WATCH | Whale tale has a happy ending as rescuers remove tail's burden

30 March 2019 - 10:28 By DAVE CHAMBERS
A southern right whale and its two mates swim off after the disentanglement operation off Sea Point on March 29 2019
A southern right whale and its two mates swim off after the disentanglement operation off Sea Point on March 29 2019
Image: SA Whale Disentanglement Network

A young whale whose tail had been entangled in fishing gear for weeks was finally freed of its burden off Cape Town on Friday.

Volunteers from the SA Whale Disentanglement Network and the National Sea Rescue Institute spent 20 minutes cutting the 10m southern right whale free of a bundle of ropes dragging its tail beneath the surface.

Mike Meyer, of the disentanglement network, said two other whales remained by the entangled juvenile’s side, "which always adds an element of emotion to these operations".

Volunteers from the network, which has assisted 174 whales since it was set up in 2006, had been searching for the whale since it was seen entangled in fishing gear in February.

A network statement said since then the whale had been reported in Table Bay, Clifton and up the West Coast, but it had eluded a search — including two attempts to find it by gyrocopter pilot and photographer Jean Tresfon.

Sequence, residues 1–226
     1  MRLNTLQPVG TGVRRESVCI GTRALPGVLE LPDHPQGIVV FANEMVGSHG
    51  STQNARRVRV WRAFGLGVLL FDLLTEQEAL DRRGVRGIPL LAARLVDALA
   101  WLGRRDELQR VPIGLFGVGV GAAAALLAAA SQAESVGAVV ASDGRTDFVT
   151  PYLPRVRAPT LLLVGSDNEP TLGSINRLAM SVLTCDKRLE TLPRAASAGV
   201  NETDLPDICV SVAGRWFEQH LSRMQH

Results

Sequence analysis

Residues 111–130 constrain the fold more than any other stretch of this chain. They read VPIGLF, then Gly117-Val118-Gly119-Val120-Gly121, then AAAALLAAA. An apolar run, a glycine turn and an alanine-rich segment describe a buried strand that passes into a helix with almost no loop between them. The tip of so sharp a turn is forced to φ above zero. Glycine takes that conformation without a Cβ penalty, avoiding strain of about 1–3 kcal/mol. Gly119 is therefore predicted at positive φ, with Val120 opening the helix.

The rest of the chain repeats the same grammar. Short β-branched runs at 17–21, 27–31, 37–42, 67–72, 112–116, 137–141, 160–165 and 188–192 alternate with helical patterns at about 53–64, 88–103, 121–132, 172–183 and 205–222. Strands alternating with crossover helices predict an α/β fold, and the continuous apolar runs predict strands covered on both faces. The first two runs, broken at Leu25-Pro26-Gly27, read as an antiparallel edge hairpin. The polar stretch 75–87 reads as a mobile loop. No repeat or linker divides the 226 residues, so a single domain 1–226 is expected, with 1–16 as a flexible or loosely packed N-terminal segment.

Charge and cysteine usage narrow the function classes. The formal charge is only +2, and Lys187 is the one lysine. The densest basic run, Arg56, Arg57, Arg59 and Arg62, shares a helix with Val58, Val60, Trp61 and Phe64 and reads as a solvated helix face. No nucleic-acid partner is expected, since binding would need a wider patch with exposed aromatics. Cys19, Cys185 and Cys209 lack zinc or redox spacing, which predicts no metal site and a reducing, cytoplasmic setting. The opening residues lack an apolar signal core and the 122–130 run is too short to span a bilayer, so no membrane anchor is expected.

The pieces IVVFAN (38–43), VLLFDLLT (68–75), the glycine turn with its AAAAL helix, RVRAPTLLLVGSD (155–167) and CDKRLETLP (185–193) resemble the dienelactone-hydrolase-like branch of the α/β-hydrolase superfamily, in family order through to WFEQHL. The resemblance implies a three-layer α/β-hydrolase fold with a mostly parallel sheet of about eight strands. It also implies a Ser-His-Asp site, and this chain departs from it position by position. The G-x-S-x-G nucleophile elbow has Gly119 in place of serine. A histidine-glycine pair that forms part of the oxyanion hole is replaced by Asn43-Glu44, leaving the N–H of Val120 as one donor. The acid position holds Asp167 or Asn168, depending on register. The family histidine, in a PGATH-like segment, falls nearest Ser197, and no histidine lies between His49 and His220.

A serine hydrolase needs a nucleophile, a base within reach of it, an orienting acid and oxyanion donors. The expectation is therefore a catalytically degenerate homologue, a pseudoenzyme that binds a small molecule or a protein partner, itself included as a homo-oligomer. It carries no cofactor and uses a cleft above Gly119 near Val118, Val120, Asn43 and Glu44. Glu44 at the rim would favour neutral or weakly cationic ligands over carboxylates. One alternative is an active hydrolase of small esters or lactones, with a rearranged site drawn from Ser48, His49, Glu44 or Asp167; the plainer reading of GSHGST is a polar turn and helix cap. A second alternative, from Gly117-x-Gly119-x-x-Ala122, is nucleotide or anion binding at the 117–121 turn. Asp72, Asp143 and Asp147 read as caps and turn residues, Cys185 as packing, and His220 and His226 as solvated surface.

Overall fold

At 2.30pm on Friday, Francois Stapelberg of African Eagle Marine Eco Tours came across the whale 3km off Sea Point Pavilion. After returning his tourists to the shore, he relocated the whale.

"We also requested assistance from the Cape Town Boating Network and they had a member, who is also an NSRI spotter, locate the whale using a telescope from a residence high up in Sea Point," said the statement.

"The NSRI Kommetjie sea rescue craft was launched accompanied by network volunteers, and on arrival on the scene ... it became evident why the whale had eluded previous search efforts for so long.

"A heavy clump of fishing gear was wrapped around the whale's tail in six entanglements, forcing the tail to mostly lie under the water surface."

During the disentangling operation, the whale dived several times. Meyer said the proximity of two other whales made the operation challenging.

"The weight of the gear caused the tail to lie under water most of the time, which made it difficult to determine which whale we were there to disentangle," he said.

"In an operation lasting about 20 minutes we were able to cut free all entangled lines, and all of the ropes and gear and buoys were recovered for disposal.

"The disentangled whale and its two companions have gone on their way and we are confident of the affected whale’s survival."